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Dr. Magryta: Asthma, allergies and nutrition, part 2

What is now evolving rapidly is the scientific understanding that beyond the early life risk factors for immune disruption as stated earlier, there is clear evidence that nutrition dramatically affects what microbes make up the intestinal microbiome. (David et. al. 2014)
The diet- and lifestyle-induced microbial community in turn can increase the risk of low level bacterial endotoxemia — and therefore systemic inflammation — that we see as worsening of a disease like asthma.
Following this path, the ability to use the nutritional component of human lifestyle medicine is now critical to mitigating diseases of all inflammatory types, including asthma. What are the mechanisms of food-induced inflammation? What foods promote the growth of which microbes in the gut? These are the evolving research projects that will provide better answers over time.
How is nutrition in the broader context understood, as it relates to disease risk? Breakfast, lunch and dinner have long been the events where humans congregate in fellowship. Food is revered in many cultures for its intrinsic healing properties and also for disease prevention.
Modern America has fallen away from this belief, as corporate- and government-sponsored food distribution services have sought to maximize taste and caloric density over macro- and micro-nutritient makeup.
We have fallen prey to this reality as our taste buds and psyche are evolutionarily geared to love the easily-consumed varieties of the macronutrients — carbohydrate, fat and protein — which are the lifeblood of the human energetic model. Providing energy is paramount to survival. (Krebs 2009) (Breslin 2013)
Moving past this caloric taste-based model of eating and toward a healing food consumption model is predicated on understanding which foods are driving disease.
Looking at some recent research in inflammatory bowel disease by Suskind et. al., we see a first design and implementation study to prove the effect of diet on inflammation. His group used a specific carbohydrate diet that is devoid of trigger antigens like casein, gluten and other grain proteins. (Suskind et. al. 2018)
Removing these antigenic triggers to immune sensitization caused a down-regulation on innate and adaptive immune attack on the gut lining, thus reducing the symptoms and clinical markers of inflammatory bowel disease.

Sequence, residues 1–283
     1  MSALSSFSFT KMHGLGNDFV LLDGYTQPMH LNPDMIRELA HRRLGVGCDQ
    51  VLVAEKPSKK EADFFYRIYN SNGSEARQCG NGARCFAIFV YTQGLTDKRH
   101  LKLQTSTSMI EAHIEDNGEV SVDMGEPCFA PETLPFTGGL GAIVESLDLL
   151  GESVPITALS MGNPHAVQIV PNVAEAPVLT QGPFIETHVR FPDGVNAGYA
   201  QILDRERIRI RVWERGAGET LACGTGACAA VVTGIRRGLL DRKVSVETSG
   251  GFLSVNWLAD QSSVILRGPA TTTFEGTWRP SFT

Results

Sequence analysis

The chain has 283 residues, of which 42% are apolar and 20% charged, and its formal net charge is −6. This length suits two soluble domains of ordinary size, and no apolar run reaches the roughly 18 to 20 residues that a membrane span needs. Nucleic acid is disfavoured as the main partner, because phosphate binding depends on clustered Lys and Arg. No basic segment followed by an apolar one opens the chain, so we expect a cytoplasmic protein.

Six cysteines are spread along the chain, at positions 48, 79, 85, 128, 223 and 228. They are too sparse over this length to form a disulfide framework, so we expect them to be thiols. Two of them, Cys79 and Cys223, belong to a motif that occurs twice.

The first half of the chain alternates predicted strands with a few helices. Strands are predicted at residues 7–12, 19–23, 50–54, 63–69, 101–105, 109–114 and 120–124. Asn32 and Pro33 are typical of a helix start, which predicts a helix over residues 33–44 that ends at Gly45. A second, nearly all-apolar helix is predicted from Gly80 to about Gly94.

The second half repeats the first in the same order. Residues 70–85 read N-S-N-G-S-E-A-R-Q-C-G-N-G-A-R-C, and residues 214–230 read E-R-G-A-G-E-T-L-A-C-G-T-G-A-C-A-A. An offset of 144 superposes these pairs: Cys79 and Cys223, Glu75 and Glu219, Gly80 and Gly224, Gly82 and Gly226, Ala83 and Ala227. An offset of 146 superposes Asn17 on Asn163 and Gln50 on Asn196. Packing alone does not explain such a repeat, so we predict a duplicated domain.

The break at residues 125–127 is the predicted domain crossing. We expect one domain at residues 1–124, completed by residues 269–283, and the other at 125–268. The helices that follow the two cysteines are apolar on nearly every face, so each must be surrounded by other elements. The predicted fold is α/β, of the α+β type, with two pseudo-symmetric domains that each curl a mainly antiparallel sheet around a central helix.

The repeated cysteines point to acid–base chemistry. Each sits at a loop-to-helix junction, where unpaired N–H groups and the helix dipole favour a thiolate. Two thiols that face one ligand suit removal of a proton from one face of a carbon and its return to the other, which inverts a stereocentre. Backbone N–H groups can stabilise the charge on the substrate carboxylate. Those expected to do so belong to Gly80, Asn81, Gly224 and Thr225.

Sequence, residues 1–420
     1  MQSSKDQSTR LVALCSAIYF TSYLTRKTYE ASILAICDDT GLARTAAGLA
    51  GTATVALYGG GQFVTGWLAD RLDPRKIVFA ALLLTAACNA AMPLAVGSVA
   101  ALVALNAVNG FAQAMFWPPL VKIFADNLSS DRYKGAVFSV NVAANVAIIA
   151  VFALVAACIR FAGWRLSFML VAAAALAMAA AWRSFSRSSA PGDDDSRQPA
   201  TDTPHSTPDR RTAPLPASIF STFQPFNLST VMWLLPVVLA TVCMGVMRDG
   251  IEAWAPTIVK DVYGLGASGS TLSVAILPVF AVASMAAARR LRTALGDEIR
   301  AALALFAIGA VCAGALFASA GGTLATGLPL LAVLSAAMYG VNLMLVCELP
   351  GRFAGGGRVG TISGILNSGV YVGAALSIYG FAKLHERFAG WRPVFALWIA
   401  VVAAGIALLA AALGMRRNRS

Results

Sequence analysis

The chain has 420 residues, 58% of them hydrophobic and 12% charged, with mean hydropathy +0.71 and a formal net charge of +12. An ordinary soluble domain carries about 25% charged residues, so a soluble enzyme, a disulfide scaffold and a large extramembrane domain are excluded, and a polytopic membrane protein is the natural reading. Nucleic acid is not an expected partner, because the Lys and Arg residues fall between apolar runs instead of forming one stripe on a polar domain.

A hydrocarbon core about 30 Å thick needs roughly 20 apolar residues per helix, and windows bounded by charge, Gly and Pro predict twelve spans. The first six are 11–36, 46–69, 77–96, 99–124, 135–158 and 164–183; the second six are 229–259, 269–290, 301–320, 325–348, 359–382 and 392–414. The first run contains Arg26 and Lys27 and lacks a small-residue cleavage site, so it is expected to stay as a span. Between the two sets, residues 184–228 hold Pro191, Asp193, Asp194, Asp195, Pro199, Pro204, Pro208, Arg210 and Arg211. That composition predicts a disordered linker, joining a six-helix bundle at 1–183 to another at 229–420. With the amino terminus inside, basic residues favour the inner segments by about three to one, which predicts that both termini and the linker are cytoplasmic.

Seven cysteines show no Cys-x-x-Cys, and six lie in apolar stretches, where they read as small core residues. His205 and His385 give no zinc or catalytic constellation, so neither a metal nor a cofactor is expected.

This immune mechanism response to diet is believed to occur in many inflammatory based disease states, like asthma and allergy, that are seemingly dissimilar from autoimmune diseases like Crohn’s. The medical allergy community has so far focused only on true IgE mediated food reactions as a means to potential asthma disease avoidance as it relates to food.
Yet, Suskind et. al. with the Crohn’s model has shown us that what is really happening is multimodal immune mediated responses and not just reduced to one antibody response, IgE. This process is also well visualized in the infants and children suffering from food non-IgE mediated disease like milk casein protein intolerance that presents with symptoms of eczema, colitis, gastroesophageal reflux and colic behavior. What is happening immunologically in asthma and allergy?
We need to keep an open mind to the complexity of human immunological responses to food and avoid reductionist medicine that silos disease etiology to one cell type. If there is anything that I have learned over the last two decades, it is that reductionist beliefs are mostly wrong.

The story continues next week,

Dr. M

Dr. Chris Magryta is a physician at Salisbury Pediatric Associates. Contact him at newsletter@salisburypediatrics.com

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